This is an important point. The ruling elite exists because we the citizens empower them. The rakyat is the true master, and those in power are the servants. Not the other way round. We must do all that we can to prevent anyone in power from behaving like kings and this is why we must demand a limited government.

The concept of limited government implies the need to respect “individual liberty and responsibility”. Individuals are free to choose how they live their lives as long as they do no harm to others, and they must be responsible for what they do. The religious ones must be free to practice their religions, while those who are not must be free to be so too.

Islam tells Muslims to be among the most liberal in this sense. In the Golden Age of Islam, a Muslim leader Rubi’e bin Amir proudly told Persian General Rustom that Islam was sent to free mankind from servitude to other men so that they serve only God. Of course, the rise of a new generation of human gods in Islam (and in other religions) deserves a treatment on its own, but we must be careful to distinguish the principles from the practice.

Perhaps most importantly, the concept of individual liberty demands that those in power must not encroach into what is private to the individuals. The government should only step in when individuals do harm to others, but otherwise they should leave us alone. (See: The Liberty Manifesto)

It is well known that liberals support free markets. But many are confused about why this is so. Some accuse free marketeers as supporting inequality between the haves and the have-nots. And others confuse between the actions of capitalists and principles of capitalism.

Libertarians support the free market capitalism because it is the only system that respects human dignity. The free market is the only system that truly gives people choice and prevents cronyism. In a free market, businesses have to compete to please the rakyat, the consumers. But in a non-free market, businessmen can ignore the rakyat because all they need to do is to collude with politicians to gain favourable treatments and subsidies.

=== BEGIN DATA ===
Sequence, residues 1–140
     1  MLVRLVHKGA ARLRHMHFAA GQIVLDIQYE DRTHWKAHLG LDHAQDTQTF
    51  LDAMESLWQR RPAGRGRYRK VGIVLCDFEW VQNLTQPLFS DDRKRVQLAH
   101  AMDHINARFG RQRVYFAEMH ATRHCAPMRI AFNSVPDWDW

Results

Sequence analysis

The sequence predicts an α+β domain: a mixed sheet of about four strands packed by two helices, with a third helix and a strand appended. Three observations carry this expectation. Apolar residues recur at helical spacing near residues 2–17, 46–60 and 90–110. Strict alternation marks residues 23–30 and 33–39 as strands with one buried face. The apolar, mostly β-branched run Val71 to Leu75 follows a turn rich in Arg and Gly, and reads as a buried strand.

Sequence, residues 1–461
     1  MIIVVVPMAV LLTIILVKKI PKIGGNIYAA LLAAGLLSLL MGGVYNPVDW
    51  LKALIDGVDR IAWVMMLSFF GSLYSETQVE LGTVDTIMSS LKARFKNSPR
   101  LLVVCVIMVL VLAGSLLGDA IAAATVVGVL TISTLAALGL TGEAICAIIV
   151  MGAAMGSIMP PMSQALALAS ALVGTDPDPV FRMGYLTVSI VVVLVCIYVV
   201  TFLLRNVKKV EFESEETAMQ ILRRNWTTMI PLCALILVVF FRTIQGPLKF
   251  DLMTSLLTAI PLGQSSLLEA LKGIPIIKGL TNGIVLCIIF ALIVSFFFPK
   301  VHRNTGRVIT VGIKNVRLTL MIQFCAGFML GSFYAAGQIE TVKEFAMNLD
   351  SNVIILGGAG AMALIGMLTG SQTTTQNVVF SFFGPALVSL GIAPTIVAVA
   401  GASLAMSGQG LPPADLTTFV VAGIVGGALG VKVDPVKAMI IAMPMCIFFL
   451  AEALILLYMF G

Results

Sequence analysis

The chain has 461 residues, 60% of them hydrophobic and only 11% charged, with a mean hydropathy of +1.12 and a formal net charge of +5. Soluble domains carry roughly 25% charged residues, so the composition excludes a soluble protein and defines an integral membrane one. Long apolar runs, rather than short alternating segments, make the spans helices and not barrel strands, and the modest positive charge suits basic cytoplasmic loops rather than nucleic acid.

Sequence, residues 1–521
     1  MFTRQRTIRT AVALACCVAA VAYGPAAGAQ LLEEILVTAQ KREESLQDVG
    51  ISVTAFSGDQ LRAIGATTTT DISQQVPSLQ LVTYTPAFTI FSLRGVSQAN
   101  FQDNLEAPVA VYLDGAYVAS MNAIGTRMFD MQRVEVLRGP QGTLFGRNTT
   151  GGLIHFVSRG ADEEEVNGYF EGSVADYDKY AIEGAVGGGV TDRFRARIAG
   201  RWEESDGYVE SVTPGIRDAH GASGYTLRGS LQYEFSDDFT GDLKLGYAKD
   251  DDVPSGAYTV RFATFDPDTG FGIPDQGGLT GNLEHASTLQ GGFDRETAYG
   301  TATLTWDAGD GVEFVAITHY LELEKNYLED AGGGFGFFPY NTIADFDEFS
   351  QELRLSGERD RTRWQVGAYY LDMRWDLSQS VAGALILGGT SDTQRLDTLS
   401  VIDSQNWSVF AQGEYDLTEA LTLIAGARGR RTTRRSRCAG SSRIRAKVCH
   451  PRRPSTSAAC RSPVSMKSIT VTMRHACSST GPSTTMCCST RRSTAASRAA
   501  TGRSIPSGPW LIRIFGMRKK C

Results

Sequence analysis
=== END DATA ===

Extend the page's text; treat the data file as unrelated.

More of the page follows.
A non-free market system victimises the rakyat because it denies our freedom to choose. And more often than not, systems other than the free market result in the privatisation of profits and nationalisation of losses. All the cronyism, nepotism and corruption that we see around the world are almost always the result of collusions between politicians and businessmen, which can only happen when the economy is not free and this is exactly what the free market want to eradicate.

In short, and at a great risk of oversimplifying a complex issue, being a liberal or a libertarian means believing in the rule of law, limited government, individual liberty and responsibility, and the free market. (See: Philosophy of IDEAS)

The next time someone accuses liberalism of this and that, I urge you firstly judge whether that person knows what he is talking about or not. We need to spot those who more often than not talk nonsense, and expose them for their ignorance.

See also:
Think tanks for liberty 1: IDEAS Malaysia, February 02, 2011

IDEAS 2: Wan Saiful Talk in Manila, September 9, September 07, 2013 
IDEAS 3: Wan Saiful's Presentation in Manila, September 11, 2013 

IDEAS 4: Photos of Wan Saiful's Talk on the Politics and Economy of Malaysia, September 12, 2013